Recent studies have shown that serum cystatin C is a better marker for measuring the glomerular filtration rate (GFR) than the conventional method, using serum creatinine concentration. The purpose of this study is to evaluate the clinical application of serum cystatin C as a marker of GFR to determine the initial dosage of arbekacin, an antibiotic primarily excreted via the kidneys. In this study, the predictability of serum arbekacin peak and trough concentrations were assessed using estimated population mean GFR values calculated from either serum creatinine (Cockcroft–Gault equation) or cystatin C (Sjöström equation) concentrations.Method
Ninety-five patients treated with arbekacin for methicillin-resistant Staphylococcus aureus infection were divided into three groups according to their GFR values estimated by the serum cystatin C concentration as follows: normal to mild (GFR > 70 mL/min, n = 40), moderate (30 ≤ GFR ≤ 70 mL/min, n = 41) and severe (GFR < 30 mL/min, n = 14) renal impairment.Result
The mean GFR (±SD) of 95 patients predicted by serum cystatin C concentration (64·6 ± 30·6 mL/min) was significantly lower (P<0·001) than predicted by serum creatinine concentration (77·4 ± 43·9 mL/min). Prediction (difference of mean prediction error, ΔME) of the serum arbekacin concentration using the estimated GFR based on the serum cystatin C concentration was significantly less biased at the peak and trough concentrations than those determined using serum creatinine concentration. The accuracy of prediction (difference of the mean absolute error, ΔMAE) using serum cystatin C concentration was significantly better than with serum creatinine for both serum peak and trough concentrations in patients with moderately decreased GFR. However, there were no significant differences in the ΔMAE of normal to mild and severe renally impaired patients.Conclusion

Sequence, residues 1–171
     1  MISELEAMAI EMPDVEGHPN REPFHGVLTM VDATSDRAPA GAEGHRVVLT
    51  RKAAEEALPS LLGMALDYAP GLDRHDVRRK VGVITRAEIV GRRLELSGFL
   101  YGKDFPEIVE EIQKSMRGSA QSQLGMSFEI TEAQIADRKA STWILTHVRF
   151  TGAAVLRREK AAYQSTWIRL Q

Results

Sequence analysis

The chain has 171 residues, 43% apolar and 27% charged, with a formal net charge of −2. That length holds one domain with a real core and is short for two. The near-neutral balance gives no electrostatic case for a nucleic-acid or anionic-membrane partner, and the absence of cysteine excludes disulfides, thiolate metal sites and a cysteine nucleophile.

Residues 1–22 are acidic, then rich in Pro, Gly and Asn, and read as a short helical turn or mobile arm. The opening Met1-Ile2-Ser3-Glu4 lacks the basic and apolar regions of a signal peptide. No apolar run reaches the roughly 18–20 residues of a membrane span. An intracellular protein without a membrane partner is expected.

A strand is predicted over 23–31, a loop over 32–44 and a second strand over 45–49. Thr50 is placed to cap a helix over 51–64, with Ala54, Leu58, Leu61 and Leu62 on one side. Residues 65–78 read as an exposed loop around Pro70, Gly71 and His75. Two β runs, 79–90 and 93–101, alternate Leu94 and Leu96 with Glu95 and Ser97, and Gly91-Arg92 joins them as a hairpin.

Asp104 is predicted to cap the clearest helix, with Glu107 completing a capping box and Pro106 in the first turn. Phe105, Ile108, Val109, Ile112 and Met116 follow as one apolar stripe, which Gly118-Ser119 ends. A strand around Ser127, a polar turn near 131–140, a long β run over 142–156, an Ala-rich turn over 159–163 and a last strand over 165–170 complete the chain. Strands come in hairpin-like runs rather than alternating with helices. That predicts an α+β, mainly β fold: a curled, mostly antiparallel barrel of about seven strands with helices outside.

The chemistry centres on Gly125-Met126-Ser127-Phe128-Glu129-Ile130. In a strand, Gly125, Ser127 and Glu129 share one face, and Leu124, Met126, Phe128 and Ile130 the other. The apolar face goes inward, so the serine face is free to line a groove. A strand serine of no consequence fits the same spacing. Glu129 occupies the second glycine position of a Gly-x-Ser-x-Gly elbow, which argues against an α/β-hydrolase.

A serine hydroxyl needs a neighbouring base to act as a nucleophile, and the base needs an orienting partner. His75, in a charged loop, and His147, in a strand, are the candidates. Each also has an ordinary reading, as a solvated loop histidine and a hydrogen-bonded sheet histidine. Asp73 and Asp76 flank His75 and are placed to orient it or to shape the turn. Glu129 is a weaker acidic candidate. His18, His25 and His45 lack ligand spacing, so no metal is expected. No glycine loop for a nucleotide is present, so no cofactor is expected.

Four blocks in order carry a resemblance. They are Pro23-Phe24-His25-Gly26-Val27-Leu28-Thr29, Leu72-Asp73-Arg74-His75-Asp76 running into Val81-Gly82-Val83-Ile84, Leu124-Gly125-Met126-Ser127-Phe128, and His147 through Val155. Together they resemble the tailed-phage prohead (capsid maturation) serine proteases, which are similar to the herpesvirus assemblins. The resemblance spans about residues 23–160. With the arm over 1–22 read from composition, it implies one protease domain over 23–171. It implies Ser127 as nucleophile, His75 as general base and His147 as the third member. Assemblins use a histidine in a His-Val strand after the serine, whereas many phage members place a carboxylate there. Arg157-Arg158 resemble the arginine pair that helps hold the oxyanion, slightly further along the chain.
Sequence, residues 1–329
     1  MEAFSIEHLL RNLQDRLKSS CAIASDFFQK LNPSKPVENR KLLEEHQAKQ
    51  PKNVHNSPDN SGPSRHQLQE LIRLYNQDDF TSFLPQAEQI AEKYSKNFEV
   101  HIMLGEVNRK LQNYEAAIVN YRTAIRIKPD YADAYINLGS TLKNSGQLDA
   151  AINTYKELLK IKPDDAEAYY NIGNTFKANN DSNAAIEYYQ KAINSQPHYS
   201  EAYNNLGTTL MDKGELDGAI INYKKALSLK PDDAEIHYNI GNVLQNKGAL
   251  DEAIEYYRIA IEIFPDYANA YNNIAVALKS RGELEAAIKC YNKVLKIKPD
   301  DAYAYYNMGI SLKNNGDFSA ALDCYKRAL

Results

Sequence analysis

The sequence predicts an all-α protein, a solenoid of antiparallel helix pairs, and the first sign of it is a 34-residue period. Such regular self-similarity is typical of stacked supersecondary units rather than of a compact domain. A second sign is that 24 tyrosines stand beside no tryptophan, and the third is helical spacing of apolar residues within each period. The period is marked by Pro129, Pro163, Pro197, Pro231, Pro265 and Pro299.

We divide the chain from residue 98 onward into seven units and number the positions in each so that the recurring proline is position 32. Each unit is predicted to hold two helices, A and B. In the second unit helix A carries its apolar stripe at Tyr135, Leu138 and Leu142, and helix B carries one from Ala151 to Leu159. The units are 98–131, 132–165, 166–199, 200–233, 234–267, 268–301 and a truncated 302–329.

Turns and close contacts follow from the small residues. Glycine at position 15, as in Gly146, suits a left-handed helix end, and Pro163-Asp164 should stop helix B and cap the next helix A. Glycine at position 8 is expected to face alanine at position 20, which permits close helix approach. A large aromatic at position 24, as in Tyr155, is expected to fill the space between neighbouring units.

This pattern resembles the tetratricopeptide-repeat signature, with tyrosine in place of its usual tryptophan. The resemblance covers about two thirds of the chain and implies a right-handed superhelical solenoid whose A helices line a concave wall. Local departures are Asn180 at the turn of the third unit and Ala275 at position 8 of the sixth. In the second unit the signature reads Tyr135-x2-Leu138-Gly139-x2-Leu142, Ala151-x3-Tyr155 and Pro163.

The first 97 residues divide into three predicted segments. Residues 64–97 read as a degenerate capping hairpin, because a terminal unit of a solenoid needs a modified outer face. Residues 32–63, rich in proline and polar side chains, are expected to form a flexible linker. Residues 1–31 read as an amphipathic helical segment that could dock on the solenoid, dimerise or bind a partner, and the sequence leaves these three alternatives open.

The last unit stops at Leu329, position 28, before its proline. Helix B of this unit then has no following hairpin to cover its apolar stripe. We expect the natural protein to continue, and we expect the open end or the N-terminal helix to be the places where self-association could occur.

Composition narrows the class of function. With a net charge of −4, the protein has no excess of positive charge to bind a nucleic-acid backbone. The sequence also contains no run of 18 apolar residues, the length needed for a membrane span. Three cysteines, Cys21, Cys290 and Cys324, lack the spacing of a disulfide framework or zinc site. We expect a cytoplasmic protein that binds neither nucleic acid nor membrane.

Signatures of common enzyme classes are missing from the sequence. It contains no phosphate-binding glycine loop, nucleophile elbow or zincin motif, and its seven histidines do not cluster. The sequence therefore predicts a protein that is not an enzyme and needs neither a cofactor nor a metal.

These results suggest that serum cystatin C is a useful marker of GFR for determining the initial dosage of arbekacin, especially in patients with moderate impairment of renal function.